Making an enforcement recommendation means seeking approval to refer the case to RSOL for either administrative or judicial enforcement. Before a case can move to enforcement, certain administrative and procedural actions must occur. The Regional Office working in collaboration with RSOL will consider whether a contractor has acted consistently and in good faith with an Opinion Letter, Directive, FAQ, Help Desk answer, or other OFCCP guidance in determining whether to proceed with an enforcement recommendation in a given matter. This chapter reviews those steps and procedures.
8K00 When to Make or Seek Approval of an Enforcment Recommendation
COs should make an enforcement recommendation when the contractor, with or without an SCN:
- Refuses to submit required AAPs and support data under one or more of the following: Executive Order 11246, Section 503 or VEVRAA;
- Refuses to provide access to its premises for an on-site review;
- Refuses to provide access to necessary information; or
- Harasses or intimidates a CO or agent of OFCCP (e.g., an OFCCP or SOL employee acting on behalf of the agency).
An enforcement recommendation should also be made in other situations, including when:
- An SCN is not resolved within 30 calendar days, or reasonable extensions thereof;
- A settlement negotiation fails to resolve violations specified in the NORI within 15 calendar days, or reasonable extensions thereof, in a complaint investigation;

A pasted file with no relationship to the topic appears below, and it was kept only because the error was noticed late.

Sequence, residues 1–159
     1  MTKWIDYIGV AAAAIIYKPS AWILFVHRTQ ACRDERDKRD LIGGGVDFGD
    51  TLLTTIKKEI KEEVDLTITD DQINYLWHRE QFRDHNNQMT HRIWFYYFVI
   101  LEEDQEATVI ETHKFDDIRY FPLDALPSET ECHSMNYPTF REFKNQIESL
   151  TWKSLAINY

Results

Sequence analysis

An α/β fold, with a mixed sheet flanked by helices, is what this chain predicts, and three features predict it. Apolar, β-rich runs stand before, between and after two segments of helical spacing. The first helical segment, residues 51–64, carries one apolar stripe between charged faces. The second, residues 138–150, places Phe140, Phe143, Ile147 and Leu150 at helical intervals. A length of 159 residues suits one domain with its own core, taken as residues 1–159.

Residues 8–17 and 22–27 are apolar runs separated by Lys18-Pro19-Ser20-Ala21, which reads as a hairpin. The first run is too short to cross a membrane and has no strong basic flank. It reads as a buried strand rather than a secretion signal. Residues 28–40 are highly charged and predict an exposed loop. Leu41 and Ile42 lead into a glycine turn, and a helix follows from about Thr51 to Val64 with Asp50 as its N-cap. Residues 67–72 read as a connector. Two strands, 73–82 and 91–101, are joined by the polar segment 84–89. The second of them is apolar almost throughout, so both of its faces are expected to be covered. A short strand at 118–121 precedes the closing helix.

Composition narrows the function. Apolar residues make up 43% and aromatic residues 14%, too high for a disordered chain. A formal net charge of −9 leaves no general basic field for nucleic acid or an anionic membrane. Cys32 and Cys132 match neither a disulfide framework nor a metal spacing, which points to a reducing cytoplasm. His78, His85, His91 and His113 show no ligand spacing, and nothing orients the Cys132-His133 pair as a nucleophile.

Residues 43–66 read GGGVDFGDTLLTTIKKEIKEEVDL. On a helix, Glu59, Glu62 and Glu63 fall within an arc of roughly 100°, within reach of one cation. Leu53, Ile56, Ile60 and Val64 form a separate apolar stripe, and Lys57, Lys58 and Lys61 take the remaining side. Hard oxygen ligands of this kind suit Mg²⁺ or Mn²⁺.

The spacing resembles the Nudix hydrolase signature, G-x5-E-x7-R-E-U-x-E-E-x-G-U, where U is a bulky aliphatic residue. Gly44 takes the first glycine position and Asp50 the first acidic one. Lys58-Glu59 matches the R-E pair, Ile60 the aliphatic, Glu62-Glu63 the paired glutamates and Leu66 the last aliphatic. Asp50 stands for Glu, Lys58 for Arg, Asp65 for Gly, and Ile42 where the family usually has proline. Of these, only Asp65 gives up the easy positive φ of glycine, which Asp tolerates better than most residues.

- A contractor is not negotiating in good faith, and it is unlikely a CA will be reached;
- A 15-Day Notice of violation of the CA with no irreparable injury involved is not resolved within 15 calendar days, or reasonable extensions thereof; or
- A violation of a CA involves irreparable injury.
8K01 Contents of a Compliance Evaluation File
a. General. A compliance evaluation case file that OFCCP submits for enforcement consists of a brief cover memorandum, a Transmittal Memorandum and the standard compliance evaluation case file. The case file must contain every document OFCCP collected and/or generated in the course of the evaluation, including all emails; statistical analyses, including spreadsheets properly labeled and dated; nonstatistical/anecdotal evidence; mitigation data; interview statements and detailed descriptions of the employment processes or practices at issue. The case file must include a table of contents or index that identifies all of the contents and their location within the file, tabs and labels. The case file OFCCP submits to RSOL for enforcement should be an exact copy of the original case file and contain all of the documents in the original case file.425 The file is sent to the RO for transmittal to the RSOL. If needed, the RO can create and maintain a copy of the file at this point. The original file will remain in the field office responsible for conducting the compliance evaluation.
b. Cover Memorandum. The cover memorandum is typically one page. It contains a brief statement of all the violations at issue, and indicates which violation(s) were at impasse when the conciliation process terminated (e.g., jurisdiction, denial of access, whether there was a violation, the amount of back pay).